Steve: Bonus Question! You receive an invitation in the mail from one of these two people. The invitation invites you to have dinner and spend the night in their home. Do you accept the invitation from Victor Frankenstein or Dracula and why?

CG: From Victor Frankenstein, of course! Why? So I can befriend his so-called monster!


Excellent choice! Thank you so much, Christopher!

To find more of his work, check the links!




3Q’s – J.H. Moncrieff is the best GhostWriter out there!


Here it is, August 2nd, 2022 and I’m just now scheduling this post for October 31, 2022. And you know what makes this double special? LET ME TELL YOU!

1) This is the final 3Q’s of Season TWO!! That’s right! Going forward it will be Season Three with a snazzy BLUE 3Q’s Logo and…

B) J.H. is not only one of my favorite authors, but she’s also a good friend and one of the very few authors I’ve had the pleasure of meeting in real life. It’s hard to fathom it’s already been four months since J.H. and I visited FOREVER, but it was a phenomenal night and one I’d love to replicate again in the future. Well, other than sitting in Boston Pizza and hearing the staff sing Happy Birthday every 25 minutes!

I’m so excited and humbled to have Moncrieff here today, so, please do welcome, J.H.!!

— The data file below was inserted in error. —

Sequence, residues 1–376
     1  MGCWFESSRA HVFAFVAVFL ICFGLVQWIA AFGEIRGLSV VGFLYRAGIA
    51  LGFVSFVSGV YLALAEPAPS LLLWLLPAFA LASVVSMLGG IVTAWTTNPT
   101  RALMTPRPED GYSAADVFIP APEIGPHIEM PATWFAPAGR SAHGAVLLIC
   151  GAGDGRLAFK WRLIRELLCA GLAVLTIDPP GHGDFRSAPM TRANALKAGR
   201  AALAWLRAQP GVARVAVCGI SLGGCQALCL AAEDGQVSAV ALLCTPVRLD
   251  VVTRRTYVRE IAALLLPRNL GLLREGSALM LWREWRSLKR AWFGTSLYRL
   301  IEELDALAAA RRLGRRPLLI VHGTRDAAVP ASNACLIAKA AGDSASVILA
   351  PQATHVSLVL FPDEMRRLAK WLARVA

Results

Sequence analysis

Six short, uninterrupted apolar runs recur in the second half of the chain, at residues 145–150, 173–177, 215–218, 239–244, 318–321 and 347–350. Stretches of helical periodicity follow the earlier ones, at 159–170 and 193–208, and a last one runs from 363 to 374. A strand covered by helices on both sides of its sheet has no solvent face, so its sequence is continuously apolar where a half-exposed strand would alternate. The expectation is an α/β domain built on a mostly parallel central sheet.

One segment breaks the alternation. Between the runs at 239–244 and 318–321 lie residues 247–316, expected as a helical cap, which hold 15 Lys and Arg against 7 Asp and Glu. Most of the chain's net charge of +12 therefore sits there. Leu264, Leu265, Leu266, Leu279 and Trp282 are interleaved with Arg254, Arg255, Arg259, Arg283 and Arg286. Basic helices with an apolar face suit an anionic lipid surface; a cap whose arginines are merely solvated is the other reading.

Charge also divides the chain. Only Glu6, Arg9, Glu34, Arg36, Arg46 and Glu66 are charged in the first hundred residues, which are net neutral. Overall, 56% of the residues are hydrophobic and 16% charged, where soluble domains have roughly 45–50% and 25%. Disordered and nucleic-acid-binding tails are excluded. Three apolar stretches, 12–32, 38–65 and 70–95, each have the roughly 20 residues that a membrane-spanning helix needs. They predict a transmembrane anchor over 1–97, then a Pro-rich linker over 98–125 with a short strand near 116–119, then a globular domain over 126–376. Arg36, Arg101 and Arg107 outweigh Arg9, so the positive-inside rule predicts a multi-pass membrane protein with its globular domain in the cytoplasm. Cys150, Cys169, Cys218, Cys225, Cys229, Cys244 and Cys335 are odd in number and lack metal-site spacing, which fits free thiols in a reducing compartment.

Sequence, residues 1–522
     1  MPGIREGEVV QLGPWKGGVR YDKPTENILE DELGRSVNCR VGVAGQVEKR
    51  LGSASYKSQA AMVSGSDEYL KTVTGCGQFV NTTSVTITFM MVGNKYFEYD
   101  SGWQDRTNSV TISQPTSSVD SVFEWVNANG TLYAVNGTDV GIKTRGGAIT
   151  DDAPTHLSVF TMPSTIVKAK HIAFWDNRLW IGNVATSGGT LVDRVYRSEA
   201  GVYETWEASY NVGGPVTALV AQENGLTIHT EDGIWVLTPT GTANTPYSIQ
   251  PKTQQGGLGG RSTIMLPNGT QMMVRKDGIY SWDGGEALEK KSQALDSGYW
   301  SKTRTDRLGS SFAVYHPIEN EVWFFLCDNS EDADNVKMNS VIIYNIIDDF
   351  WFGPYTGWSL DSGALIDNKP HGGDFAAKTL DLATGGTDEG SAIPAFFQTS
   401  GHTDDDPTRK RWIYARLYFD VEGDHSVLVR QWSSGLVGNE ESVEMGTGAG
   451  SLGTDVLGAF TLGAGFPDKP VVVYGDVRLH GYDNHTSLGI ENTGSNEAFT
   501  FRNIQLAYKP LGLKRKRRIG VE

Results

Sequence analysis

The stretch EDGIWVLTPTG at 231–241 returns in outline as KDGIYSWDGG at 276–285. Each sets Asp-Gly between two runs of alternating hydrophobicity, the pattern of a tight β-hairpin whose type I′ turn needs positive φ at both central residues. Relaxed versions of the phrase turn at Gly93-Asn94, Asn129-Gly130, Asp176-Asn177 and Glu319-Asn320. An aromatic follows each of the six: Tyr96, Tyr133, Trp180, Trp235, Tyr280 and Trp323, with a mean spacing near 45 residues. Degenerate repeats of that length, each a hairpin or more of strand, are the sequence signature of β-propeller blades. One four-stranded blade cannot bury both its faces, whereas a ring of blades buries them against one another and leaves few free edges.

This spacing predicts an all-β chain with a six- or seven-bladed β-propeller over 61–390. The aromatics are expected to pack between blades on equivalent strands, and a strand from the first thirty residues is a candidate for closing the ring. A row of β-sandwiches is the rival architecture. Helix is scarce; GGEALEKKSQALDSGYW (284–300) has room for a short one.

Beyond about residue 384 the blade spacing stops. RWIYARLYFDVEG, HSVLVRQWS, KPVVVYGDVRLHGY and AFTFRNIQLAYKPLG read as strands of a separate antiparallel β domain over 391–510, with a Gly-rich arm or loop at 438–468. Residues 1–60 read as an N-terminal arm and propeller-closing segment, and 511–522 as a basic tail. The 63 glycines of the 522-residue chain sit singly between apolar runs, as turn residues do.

JH bio photo

Steve: What does your writing time look like? Do you try to write at the same time each day? Do you have a word count you attempt to hit?

Moncrieff: At the moment, my writing time is very sporadic. I’m juggling various jobs, including performing as an on-air expert on several true crime documentary series, screenwriting a few episodes, teaching university classes, and developmental editing some client books.

I’m trying my best to write every day, but when I can’t, I can’t. There’s no point in being overly hard on myself about it, especially with big changes on the horizon.

Steve: You win the lottery and the only condition is that you need to fund another author’s book to be made into a movie. What book would you choose to be filmed?

Moncrieff: That’s a really tough question. There’s so many writers I know who deserve that kind of attention, but don’t get a shot in the constant flood of King remakes, etc. When I first read this question, the book Slash by Hunter Shea popped into my head, so that’s the one I’ll go with. But only if someone could do the depth in that story justice in a film.

Steve: Tell me about your newest release (novel/story/poem/novella) and why someone should read it!